Soon to be posted on Hospital Bulletin Boards?

New Limerick Research Competition…

An English surgeon named Treves
looked at cadavers from graves
He cut up the guts
claimed this was what’s up

Offal! said J. Calvin Coffey,
You’ve wrongheadedly researched the mesentery
Irish to bag it together,
and no longer be spilling the guts!

More here:

‘We are now saying we have an organ in the body which hasn’t been acknowledged as such to date,’ said J. Calvin Coffey, a study author and surgeon at the University of Limerick, Ireland. The mesentery is a fatty membrane and without it the intestines would slop around in the belly. (ALAN PLACE/UNIVERSITY OF LIMERICK)  

Before you travel join IAMAT a low-cost non-profit medical help organisation. Carry your membership ID card with you. If you need Medical help show your ID and use IAMAT recommended hospitals and doctors. Read the health tips in the IAMAT website in advance.

Consult your Physician in advance. They will recommend if advance shots or other precautions are needed.

On the IAMAT website “Select your travel destinations, and get an instant, personalized guide to our medical services and comprehensive travel health information for the countries you are visiting. Print a copy or save securely for future online access. The Travel Health Planner is also accessible on your mobile!”

Personal Plumbing Management Tips for Diarrhea:

1. Bactrim (proper names Co-trimoxazole or Trimethoprim-sulfamethoxazole)
Kills a lot of common GI bugs.
Ask you Physician. You may want to get a prescription before you travel.

2. Loperamide (aka brand name Imodium) Think temporary chemical cork…

3. Gastrolite Fizzy Tablets or powder you add in a glass of water to replace lost electrolytes. Many sports drinks have electrolyte replacements.

For more travel tips read Gulliver the Economist‘s Travel blog here.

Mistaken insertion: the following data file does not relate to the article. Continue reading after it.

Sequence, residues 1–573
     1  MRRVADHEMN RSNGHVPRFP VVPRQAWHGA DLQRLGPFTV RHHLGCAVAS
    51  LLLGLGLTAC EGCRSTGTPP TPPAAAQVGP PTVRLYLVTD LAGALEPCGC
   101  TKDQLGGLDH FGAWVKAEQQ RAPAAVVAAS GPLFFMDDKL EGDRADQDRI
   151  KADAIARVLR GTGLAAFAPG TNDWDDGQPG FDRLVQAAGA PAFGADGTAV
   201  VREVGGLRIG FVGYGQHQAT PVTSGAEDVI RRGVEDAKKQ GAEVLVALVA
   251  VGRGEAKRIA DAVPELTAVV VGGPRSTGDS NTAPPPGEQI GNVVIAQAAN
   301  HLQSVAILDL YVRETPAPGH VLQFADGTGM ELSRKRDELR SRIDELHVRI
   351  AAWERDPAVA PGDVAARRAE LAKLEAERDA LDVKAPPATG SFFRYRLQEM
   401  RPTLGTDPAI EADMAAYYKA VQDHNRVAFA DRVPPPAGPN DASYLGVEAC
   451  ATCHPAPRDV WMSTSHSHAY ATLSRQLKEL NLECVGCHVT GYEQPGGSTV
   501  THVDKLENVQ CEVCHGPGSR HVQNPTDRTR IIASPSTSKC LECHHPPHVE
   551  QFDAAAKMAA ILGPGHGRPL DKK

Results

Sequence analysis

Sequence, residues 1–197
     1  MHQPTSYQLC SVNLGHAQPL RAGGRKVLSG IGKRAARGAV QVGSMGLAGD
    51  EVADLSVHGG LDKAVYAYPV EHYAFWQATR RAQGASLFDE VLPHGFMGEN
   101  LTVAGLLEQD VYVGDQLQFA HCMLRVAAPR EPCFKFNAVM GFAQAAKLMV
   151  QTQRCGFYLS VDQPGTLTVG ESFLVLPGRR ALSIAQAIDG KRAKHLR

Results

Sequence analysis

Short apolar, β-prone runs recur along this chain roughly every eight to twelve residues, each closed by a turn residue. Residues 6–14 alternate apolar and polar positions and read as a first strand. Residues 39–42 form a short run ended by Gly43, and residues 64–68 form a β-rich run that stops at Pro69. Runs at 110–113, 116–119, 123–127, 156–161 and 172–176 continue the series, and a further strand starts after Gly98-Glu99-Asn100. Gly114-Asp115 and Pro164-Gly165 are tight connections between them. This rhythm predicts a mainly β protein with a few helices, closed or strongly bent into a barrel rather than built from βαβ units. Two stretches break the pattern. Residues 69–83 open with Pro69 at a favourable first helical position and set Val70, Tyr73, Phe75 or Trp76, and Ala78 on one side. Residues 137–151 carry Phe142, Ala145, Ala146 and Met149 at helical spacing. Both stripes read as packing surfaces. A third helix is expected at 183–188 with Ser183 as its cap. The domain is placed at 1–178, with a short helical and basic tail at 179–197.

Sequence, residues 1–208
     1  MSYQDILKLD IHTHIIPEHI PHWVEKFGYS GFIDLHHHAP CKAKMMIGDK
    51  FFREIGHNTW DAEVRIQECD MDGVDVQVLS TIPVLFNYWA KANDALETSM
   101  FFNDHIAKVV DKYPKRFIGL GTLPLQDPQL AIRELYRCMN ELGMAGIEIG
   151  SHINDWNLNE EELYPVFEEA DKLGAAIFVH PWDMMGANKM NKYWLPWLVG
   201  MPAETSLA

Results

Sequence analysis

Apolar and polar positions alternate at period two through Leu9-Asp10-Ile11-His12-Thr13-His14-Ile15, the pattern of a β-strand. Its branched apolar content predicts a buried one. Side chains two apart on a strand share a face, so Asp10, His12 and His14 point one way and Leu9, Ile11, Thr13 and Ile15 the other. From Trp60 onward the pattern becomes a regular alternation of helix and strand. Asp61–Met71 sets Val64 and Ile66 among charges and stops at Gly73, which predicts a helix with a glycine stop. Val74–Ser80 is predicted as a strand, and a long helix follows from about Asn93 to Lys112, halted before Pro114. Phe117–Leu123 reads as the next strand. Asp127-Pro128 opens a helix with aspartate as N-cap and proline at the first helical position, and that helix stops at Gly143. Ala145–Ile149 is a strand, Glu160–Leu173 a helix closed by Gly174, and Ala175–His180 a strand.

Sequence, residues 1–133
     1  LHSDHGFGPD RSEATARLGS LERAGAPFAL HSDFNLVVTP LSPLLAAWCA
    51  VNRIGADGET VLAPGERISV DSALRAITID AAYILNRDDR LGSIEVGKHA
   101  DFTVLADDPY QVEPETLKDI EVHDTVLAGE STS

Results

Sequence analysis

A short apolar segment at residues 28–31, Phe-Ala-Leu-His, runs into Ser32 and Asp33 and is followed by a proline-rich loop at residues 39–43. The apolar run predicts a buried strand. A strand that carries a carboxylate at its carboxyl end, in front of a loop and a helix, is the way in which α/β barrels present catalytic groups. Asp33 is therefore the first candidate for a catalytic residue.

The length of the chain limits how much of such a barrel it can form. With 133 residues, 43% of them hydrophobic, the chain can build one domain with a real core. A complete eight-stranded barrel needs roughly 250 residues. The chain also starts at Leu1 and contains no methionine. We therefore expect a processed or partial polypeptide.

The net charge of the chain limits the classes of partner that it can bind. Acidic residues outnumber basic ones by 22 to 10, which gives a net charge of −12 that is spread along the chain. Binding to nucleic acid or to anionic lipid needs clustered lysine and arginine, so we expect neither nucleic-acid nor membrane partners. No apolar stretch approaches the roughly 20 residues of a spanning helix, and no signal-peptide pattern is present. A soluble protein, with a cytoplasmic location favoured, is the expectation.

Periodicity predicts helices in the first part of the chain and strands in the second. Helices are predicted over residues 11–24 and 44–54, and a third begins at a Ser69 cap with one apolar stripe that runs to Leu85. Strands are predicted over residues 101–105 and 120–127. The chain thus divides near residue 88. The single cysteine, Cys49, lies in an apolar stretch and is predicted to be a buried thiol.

Need help when you travel? Simple walk into a hotel, smile and ask the Concierge anything you want. They have heard all the questions tourists have asked before, and will have all answers to help you! Have a good trip!

Babies undergoing phototherapy for hyperbilirubinemia, have eye masks to prevent risk of UV exposure and to eliminate risk of retinopathy of prematurity. Lights in neonatal wards are not allowed on 24 hours a day. Direct & bare lamp use is not allowed.

Phototherapy lamps used have a special phosphor coatings only for bililights. As an added precaution the bililights I designed use a museum quality acrylic UV filter.

Newer medical research indicates a slight shift in action spectrum may speed photo therapy. LEDs can be used for this phototherapy. Much research has found them to be as effective as the special fluorescent bililamps, however as LEDs have a more pronounced spectral peak, it may be possible that superior combination of LEDs and phosphors may replicate a faster reacting action spectrum.

LEDs can offer similar, if not the same phototherapy as the best fluorescent bililamps, but as all lights dim in brightness as they age, control algorithms for LEDs can ensure maintained light levels are delivered for a 15 year bililight source service lives. This is not yet being done for phototherapy but I trust testing may soon start.

LEDs Target Breast Cancer Tumours:

US Scientists have developed the first hand-held optical scanner for early detection of breast cancer. The device, is intended to complement traditional breast screening methods.

It is thought that 1 in 10 women will develop breast cancer.

A portable device both patients and doctors could use would provide women at high risk a way of regularly examining themselves.
See full article at

Light at Night Increases Breast Cancer Risk:

The below URL is a direct download link to a video of a current seminar reviewing current research on Light & Breast Cancer Research, from Rensselaer Polytechnic Institutes’s Lighting Research Center in New York.